Globally, airlines have taken big hits due to the coronavirus hampering travel demand and forcing carriers to cancel flights. Some are comparing the impact on airlines to the effect of the September 11 attacks when global travel plummeted, but then recovered. However, unlike 2001, airlines are in a much better place in terms of profitability now. Al Root for Barron’s writes, “after all, today the sector is more consolidated and profitable. And debt compared with earnings for the sector is in line with other industrial companies.”
With hopes that the transportation and travel sector will rebound after the coronavirus is contained, now could be a buying opportunity for stocks negatively impacted by the global health outbreak. The U.S. Global Jets ETF (JETS) invests in the global airline industry of passenger carriers, aircraft manufactures, terminal services and more. ETF Trends reports that JETS was down 35.9 percent over the past month as of March 12, but has recently seen record trading volume and an increase in net assets.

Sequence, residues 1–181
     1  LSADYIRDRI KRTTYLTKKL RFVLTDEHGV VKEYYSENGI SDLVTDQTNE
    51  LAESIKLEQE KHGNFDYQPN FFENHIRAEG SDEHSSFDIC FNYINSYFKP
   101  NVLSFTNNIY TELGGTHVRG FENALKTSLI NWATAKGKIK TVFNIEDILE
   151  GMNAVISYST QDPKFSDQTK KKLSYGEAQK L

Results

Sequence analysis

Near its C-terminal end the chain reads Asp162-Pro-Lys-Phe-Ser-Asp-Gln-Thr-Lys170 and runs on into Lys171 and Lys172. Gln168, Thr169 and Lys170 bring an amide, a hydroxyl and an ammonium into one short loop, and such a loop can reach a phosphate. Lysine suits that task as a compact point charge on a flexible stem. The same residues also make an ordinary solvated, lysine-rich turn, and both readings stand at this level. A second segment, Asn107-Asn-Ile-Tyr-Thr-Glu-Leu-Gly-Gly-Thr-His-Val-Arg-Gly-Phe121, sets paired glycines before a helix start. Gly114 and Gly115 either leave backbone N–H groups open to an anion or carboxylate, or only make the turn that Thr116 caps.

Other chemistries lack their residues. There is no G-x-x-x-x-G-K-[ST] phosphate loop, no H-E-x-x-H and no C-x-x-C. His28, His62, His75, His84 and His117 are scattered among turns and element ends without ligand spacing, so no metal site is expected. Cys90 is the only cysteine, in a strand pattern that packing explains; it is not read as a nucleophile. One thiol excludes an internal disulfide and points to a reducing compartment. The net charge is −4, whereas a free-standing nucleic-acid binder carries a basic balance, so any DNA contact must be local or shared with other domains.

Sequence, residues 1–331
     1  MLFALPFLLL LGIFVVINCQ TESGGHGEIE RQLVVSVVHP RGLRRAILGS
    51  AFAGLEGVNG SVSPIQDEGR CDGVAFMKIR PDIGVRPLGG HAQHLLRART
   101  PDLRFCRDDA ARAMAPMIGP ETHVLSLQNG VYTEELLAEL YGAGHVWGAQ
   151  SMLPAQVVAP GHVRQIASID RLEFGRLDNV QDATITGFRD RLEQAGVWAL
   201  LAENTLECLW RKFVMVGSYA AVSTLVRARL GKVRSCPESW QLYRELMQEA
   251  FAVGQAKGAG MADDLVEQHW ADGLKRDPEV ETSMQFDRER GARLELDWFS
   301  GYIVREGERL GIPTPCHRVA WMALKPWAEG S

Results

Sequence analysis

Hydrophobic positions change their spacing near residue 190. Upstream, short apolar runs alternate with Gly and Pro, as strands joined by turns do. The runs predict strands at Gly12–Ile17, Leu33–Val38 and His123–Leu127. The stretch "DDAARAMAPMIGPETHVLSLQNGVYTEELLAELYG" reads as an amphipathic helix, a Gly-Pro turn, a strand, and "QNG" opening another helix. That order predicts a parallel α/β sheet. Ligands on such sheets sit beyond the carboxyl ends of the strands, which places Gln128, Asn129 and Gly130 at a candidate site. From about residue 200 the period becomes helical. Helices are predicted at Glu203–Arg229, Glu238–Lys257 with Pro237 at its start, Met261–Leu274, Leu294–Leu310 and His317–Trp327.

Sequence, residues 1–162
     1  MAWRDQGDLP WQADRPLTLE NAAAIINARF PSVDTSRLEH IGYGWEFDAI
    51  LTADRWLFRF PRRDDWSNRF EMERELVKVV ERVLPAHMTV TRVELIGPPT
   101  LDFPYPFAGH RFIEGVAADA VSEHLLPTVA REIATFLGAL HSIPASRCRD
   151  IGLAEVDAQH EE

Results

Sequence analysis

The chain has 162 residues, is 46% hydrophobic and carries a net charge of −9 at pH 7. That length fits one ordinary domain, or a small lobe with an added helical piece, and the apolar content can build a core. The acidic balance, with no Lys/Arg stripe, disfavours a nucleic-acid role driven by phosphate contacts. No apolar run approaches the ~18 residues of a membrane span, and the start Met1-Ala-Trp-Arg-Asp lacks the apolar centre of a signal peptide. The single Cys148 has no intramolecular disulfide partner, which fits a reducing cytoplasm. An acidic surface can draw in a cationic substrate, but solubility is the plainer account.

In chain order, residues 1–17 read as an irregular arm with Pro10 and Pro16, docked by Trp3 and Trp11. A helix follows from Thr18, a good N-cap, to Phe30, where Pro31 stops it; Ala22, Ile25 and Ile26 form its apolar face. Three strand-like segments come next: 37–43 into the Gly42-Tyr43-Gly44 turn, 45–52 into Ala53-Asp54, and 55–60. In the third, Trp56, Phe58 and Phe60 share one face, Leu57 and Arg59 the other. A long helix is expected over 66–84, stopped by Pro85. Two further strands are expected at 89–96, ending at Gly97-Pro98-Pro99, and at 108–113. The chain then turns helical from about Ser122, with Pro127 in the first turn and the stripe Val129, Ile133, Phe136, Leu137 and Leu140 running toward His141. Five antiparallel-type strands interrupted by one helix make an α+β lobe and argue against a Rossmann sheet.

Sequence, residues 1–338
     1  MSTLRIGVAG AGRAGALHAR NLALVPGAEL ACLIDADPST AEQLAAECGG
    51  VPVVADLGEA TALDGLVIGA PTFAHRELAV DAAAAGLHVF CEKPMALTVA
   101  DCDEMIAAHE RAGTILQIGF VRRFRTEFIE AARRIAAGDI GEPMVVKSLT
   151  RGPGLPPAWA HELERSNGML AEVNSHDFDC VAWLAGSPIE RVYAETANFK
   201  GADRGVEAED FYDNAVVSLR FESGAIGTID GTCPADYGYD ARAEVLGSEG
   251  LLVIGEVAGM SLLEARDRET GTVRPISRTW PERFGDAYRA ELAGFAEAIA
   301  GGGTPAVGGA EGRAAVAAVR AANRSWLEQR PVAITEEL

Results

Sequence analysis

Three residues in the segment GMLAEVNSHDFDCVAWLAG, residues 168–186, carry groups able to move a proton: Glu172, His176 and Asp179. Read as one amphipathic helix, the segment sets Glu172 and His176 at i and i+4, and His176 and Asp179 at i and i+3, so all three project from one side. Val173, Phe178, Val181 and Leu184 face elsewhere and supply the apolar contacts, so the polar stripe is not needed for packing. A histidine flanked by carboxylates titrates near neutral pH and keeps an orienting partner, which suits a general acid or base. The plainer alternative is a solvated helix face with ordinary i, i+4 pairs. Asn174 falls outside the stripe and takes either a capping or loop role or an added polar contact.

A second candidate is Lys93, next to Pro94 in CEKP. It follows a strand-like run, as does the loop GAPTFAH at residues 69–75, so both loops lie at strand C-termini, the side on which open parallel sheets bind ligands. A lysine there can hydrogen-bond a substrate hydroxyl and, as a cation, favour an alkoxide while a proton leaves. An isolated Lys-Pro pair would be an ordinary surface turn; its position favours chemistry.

U.S. Global Investors CEO Frank Holmes said in a note that “airline stocks right now are the most oversold since September 2001,” and accumulating airline shares now appears to be a strategic move to capitalize on lower fuel costs, in addition to the pandemic selloff.
Learn more about JETS and how it can provide global exposure to the airline industry.
U.S. Global Investors has authored and is responsible for the summary on this page. All opinions expressed and data provided are subject to change without notice. Opinions are not guaranteed and should not be considered investment advice. ETF Trends publisher Tom Lydon is on the board of U.S. Global Investors.
Past performance does not guarantee future results. Please click here for standardized performance.
The performance data quoted represents past performance. Past performance does not guarantee future results. The investment return and principal value of an investment will fluctuate so that an investor’s shares, when sold or redeemed, may be worth more or less than their original cost and current performance may be lower or higher than the performance quoted. The expense ratio is 0.60%.